It is lunch time at the University of Eastern Finland’s teacher training lab school in North Karelia, a lush forest and lake district on the Russian border.
Fourth-grade children race to the cafeteria in their stockinged feet, laughing, hugging, practicing dance steps and cavorting as they head for the cafeteria. One girl does a full handstand in the hallway. A distinguished-looking professor beams at the procession and doles out high-fives to the children. He is Heikki Happonen, head of the school and a career childhood educator.
As chief of Finland’s association of eight national university teacher training schools, he is, in effect, the Master Teacher of Finland, the country which still has, despite many challenges and a recent slide in global test scores, the No. 1 best primary school system in the world, according to the World Economic Forum’s Global Competitiveness Report 2016-2017.
According to Happonen, the hallway scene reveals one of the secrets of Finland’s historic success in childhood education.
Children’s brains work better when they are moving, the master teacher explains. Not only do they concentrate better in class, but they are more successful at “negotiating, socializing, building teams and friendships together.”
Finland leads the world in its discovery that play is the most fundamental engine and efficiency-booster of children’s learning. The nation’s children learn through play until age 7, and then are given guaranteed 15-minute outdoor play breaks every hour of every single school day (regardless of the weather) until high school.
Another crucial secret: the learning environment, both physical and emotional.
“Children must feel like their school is a home for them, it belongs to them,” says Happonen. “They are very clever, they feel and appreciate an atmosphere of trust. We offer them an environment where they understand, ‘This is a place where I am highly respected. I feel safe and comfortable here. I am a very important person.’ My job is to protect that environment for children. That’s why I come to work every day.”
Happonen designed much of the Nordic-modern school building himself, a network of traditional classrooms linked by spacious hallways, cinematic soft lighting and warm colors, a palatial (by American standards) teachers lounge for coffee and collaboration (complete with a sauna for teachers), and comfortable scattered nooks, crannies and couches for children to relax and curl up in with a buddy or a book.
Connecting all the pieces, flanked by the high-tech science lab, a fireplace and plush sofas, is a modular, wide-open library of books and magazines for children to enjoy.
It is the focal point of the school. On a recent visit, a teacher from Spain was nearly speechless after a few minutes inside the school. “It’s so beautiful,” she said. “In Spain, our schools feel like prisons. But this – this is like a dream.”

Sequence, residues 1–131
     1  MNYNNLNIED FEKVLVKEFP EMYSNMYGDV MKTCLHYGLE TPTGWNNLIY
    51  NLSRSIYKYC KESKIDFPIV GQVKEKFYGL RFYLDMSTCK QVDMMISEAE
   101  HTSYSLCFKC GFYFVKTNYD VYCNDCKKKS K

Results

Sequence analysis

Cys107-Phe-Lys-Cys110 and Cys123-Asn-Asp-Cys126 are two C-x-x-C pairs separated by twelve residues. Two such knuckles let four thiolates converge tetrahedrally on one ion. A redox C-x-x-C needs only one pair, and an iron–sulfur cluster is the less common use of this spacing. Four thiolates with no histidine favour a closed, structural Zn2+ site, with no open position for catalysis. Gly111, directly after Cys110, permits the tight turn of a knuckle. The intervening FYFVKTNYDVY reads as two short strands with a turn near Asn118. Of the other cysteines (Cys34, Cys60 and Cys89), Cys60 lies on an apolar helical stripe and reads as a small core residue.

Happonen points to a colorful assortment of hand-carved wooden boats mounted on his office wall, featuring different shapes, sizes and types of vessels.
“I saw those boats in a shop,” he recalls. “They were so beautiful. I decided I had to buy them, but I didn’t know why. I put them up on my office wall so I could see them all day.”
“Then I realized what they are,” he continued. “They are children. They represent the fact that all children are different, they start from different destinations and travel on different journeys. Our job as teachers is to help children navigate their journeys through storms and adventures, so they move safely and successfully into society and the world.”
Some aspects of Finland’s primary schools may be culture-specific and non-transferrable to other nations. But many other features may in fact be minimum “global best practices” for childhood education systems in Harlem, Tokyo, Shanghai, Paris, Los Angeles, Dubai, Mexico City, South Africa and elsewhere.
These practices include early learning through play, equitable school funding, highly professionalized teacher training, a research-based and whole-child approach to school management, warmth and respect for children and teachers, learning environments of low stress and high challenge, strong special education, and treating all children as gifted and cherished individuals without sacrificing their childhoods to overwork or cram schools.
Why would any of our children, especially those from high-poverty backgrounds, deserve any less?
In the United States, decades of botched attempts at education reform have led to little or no improvement in our schools. As one of the founding fathers of the education reform movement, Chester Finn of the Thomas B. Fordham Institute, recently declared, “If you look over the past 25 years at all the reforming we’ve been doing and all the spending we’ve been doing and still see flat [achievement] and slow slog as the main outcome, it’s pretty discouraging.”
For any parent, teacher or policymaker looking instead for inspiration on how we can work together to actually improve our children’s education, they can start by coming to Finland’s dream school in the forest.
This story was produced by The Hechinger Report, a nonprofit, independent news organization focused on inequality and innovation in education.
William Doyle is the executive producer of Transition of Power: The Presidency, which premiers tonight (Sunday, Jan 8 at 9 p.m. ET) on The History Channel. Doyle is also a 2015-2016 Fulbright Scholar and 2017 Rockefeller Foundation Bellagio Center Resident Fellow.
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